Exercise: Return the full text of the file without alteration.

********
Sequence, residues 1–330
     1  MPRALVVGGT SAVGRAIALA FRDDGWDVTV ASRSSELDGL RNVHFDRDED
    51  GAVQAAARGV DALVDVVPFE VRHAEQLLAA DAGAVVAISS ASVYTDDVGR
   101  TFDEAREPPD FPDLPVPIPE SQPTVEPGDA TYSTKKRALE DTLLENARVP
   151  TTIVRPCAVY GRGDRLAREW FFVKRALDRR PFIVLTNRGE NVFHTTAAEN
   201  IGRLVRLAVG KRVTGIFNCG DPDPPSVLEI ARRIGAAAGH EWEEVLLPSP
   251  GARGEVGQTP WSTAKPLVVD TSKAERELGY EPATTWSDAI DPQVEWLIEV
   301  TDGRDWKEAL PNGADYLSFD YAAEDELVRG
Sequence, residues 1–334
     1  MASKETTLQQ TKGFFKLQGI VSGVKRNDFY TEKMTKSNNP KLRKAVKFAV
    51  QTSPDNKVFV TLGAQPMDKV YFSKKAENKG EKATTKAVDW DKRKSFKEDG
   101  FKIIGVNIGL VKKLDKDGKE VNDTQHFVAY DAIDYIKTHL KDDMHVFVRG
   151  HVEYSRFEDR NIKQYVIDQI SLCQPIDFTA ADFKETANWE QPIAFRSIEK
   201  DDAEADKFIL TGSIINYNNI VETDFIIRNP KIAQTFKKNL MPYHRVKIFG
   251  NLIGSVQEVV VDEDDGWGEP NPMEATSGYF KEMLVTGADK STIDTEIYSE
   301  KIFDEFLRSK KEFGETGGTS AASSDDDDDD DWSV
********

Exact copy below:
Sequence, residues 1–330
     1  MPRALVVGGT SAVGRAIALA FRDDGWDVTV ASRSSELDGL RNVHFDRDED
    51  GAVQAAARGV DALVDVVPFE VRHAEQLLAA DAGAVVAISS ASVYTDDVGR
   101  TFDEAREPPD FPDLPVPIPE SQPTVEPGDA TYSTKKRALE DTLLENARVP
   151  TTIVRPCAVY GRGDRLAREW FFVKRALDRR PFIVLTNRGE NVFHTTAAEN
   201  IGRLVRLAVG KRVTGIFNCG DPDPPSVLEI ARRIGAAAGH EWEEVLLPSP
   251  GARGEVGQTP WSTAKPLVVD TSKAERELGY EPATTWSDAI DPQVEWLIEV
   301  TDGRDWKEAL PNGADYLSFD YAAEDELVRG
Sequence, residues 1–334
     1  MASKETTLQQ TKGFFKLQGI VSGVKRNDFY TEKMTKSNNP KLRKAVKFAV
    51  QTSPDNKVFV TLGAQPMDKV YFSKKAENKG EKATTKAVDW DKRKSFKEDG
   101  FKIIGVNIGL VKKLDKDGKE VNDTQHFVAY DAIDYIKTHL KDDMHVFVRG
   151  HVEYSRFEDR NIKQYVIDQI SLCQPIDFTA ADFKETANWE QPIAFRSIEK
   201  DDAEADKFIL TGSIINYNNI VETDFIIRNP KIAQTFKKNL MPYHRVKIFG
   251  NLIGSVQEVV VDEDDGWGEP NPMEATSGYF KEMLVTGADK STIDTEIYSE
   301  KIFDEFLRSK KEFGETGGTS AASSDDDDDD DWSV